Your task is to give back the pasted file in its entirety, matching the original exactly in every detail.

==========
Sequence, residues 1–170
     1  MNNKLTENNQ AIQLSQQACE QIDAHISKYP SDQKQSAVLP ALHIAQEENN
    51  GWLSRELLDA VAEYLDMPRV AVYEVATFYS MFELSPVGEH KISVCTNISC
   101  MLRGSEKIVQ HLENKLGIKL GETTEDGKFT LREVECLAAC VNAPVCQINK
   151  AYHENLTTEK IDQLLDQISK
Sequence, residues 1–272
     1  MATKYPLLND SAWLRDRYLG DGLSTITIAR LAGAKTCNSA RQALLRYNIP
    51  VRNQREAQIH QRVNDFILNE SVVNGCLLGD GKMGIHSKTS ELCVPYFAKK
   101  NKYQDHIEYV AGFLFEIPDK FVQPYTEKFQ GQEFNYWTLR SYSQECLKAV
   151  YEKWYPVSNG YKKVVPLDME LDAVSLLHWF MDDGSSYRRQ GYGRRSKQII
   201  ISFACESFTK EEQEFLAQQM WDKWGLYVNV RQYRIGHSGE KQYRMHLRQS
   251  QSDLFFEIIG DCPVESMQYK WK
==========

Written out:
Sequence, residues 1–170
     1  MNNKLTENNQ AIQLSQQACE QIDAHISKYP SDQKQSAVLP ALHIAQEENN
    51  GWLSRELLDA VAEYLDMPRV AVYEVATFYS MFELSPVGEH KISVCTNISC
   101  MLRGSEKIVQ HLENKLGIKL GETTEDGKFT LREVECLAAC VNAPVCQINK
   151  AYHENLTTEK IDQLLDQISK
Sequence, residues 1–272
     1  MATKYPLLND SAWLRDRYLG DGLSTITIAR LAGAKTCNSA RQALLRYNIP
    51  VRNQREAQIH QRVNDFILNE SVVNGCLLGD GKMGIHSKTS ELCVPYFAKK
   101  NKYQDHIEYV AGFLFEIPDK FVQPYTEKFQ GQEFNYWTLR SYSQECLKAV
   151  YEKWYPVSNG YKKVVPLDME LDAVSLLHWF MDDGSSYRRQ GYGRRSKQII
   201  ISFACESFTK EEQEFLAQQM WDKWGLYVNV RQYRIGHSGE KQYRMHLRQS
   251  QSDLFFEIIG DCPVESMQYK WK